Midwestern BioAg CEO Tony Michaels told one of the most influential audiences of scientists and policy leaders in the U.S. that many of the necessary advances in agriculture were already happening on Midwestern farms.
In a keynote address to the annual meeting of the National Council for Science and the Environment (NCSE), Michaels described progress at several farms currently being managed with the help of Midwestern BioAg products and services.
In each case, before touching on environmental issues, he made it clear that these farms have …
The first year of using Midwestern BioAg (MBA) fertilizers led to a 15 percent yield increase in soybeans, while oats grown on soils that had used MBA fertility for multiple years saw significant gains in nutritional values, according to two studies done in concert with a large food company (LFC). In both cases, the BioAg fertility program outperformed industry-standard recommendations.
The soybean results come from the first year of a six-year study designed to analyze how Midwestern BioAg fertilizers and practices affect soil biology, crop yields …
Forty-year farmer and Marine veteran Gary Rademacher never stops improving. When he first started farming near Holdingford, Minnesota in the 1970s, 100-bushel corn yields and 40-bushel soybean yields were the status-quo. “Those were bar-stool yields,” said Rademacher, “yields you could go into town and be proud of.”
Rademacher’s farm has come a long way in the past 40 years. Today, he averages 200-bushel corn and 66-bushel soybeans in the short Minnesota growing season. “If you always do everything the same, you’ll get the same yields.
A New Jersey native — with no farmers in his family tree — is now a successful beef breeder and cash cropper in Minnesota’s Winona County, southeast of Minneapolis. Tom Scarponcini came to his beautiful Rushford-area farm by way of Maine, where he started a small enterprise pasturing 16 head of cattle and learning about rotational grazing. “I wanted to be a farmer, but I have no idea where that came from,” he says.
After getting a taste of farming in Maine, Scarponcini wanted to expand …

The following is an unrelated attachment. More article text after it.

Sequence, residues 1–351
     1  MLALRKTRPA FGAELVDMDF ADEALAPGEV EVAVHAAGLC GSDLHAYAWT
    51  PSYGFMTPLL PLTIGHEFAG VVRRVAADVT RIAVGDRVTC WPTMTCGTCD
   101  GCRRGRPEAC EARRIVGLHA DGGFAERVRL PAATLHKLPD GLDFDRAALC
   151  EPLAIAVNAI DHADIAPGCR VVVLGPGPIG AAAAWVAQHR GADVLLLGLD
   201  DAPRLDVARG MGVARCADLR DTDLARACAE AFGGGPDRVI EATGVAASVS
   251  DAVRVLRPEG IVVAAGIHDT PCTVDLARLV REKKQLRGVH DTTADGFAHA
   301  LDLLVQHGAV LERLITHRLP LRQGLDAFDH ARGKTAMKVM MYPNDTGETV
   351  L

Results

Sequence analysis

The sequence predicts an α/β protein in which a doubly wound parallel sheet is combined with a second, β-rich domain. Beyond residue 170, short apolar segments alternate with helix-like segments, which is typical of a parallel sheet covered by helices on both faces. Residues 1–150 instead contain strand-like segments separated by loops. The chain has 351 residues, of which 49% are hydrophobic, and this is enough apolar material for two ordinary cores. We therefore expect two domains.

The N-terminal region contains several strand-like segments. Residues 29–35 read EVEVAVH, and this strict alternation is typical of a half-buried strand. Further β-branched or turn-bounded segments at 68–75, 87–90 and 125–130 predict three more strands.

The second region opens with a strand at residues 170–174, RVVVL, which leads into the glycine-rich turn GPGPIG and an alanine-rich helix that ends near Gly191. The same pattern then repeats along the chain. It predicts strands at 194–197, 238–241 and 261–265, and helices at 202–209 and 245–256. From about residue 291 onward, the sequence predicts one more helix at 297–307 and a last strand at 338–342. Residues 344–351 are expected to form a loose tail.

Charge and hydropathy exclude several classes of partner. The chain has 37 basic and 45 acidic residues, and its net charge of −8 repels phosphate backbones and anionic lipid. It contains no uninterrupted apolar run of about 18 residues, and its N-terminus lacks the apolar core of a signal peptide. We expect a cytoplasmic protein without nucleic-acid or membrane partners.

Two new regional Midwestern BioAg facilities, one in Ohio and the other in Illinois, will improve customer service and make more product locally available as Midwestern BioAg continues to grow and expand.
At Bellefontaine, Ohio, approximately 60 miles northwest of Columbus, the new BioAg facility includes 5,000 square feet of warehouse space and 2,500 square feet of office space. The warehouse provides on-site storage, improving product availability as well as serving as a clearinghouse for organizing small loads.
With farmers searching for new ways to increase yields, they’re looking more closely at nutrients and minerals. Gone are the days when it was all about N-P-K. Today, growers are learning how to enhance fertilizer performance, soil health, and plant nutrition.
Ag scientists are providing new information on the benefits of applying natural inputs like calcium to get better results.
“Calcium kicks soil into high gear,” says Leroy Stuecker, a Midwestern BioAg customer who farms in Lee County, Iowa.
What’s coming down the pipeline to help farmers increase profitability? Biological farming has been getting a lot of attention lately — and for good reasons. Genetic technology and equipment innovations have made dramatic changes in farm management and profitability within a generation. Yet most farmers are still using the same fertilizers their fathers used. That’s where looking at soil nutrients comes in, says Bob Yanda, a 25-year biological farming industry veteran and Vice President of Development for Midwestern BioAg.
As we move forward into fall, it’s important to remember a valuable piece of information—all part of how we got to where we are…
Manage the agronomics
The term “Agronomics” can be misused in many ways, but it all comes down to maximizing the crop yield while maintaining the soil ecosystem.
BioCal® has been an integral part of many successes we have had at MBA, and you have had as a farmer.
Dear Farmer/Agribusiness person,
We are glad to have gotten through the year with enough feed for the cattle. It was not a fun year. Where are we going to go after having experienced the summer of 2012? By July 20, I thought it was over. With no rain in sight, every promise fizzled. We obtained a temporary permit to pump water out of Otter Creek. By the time we got that paperwork done, found the equipment, realized the hassles and found that there were only small …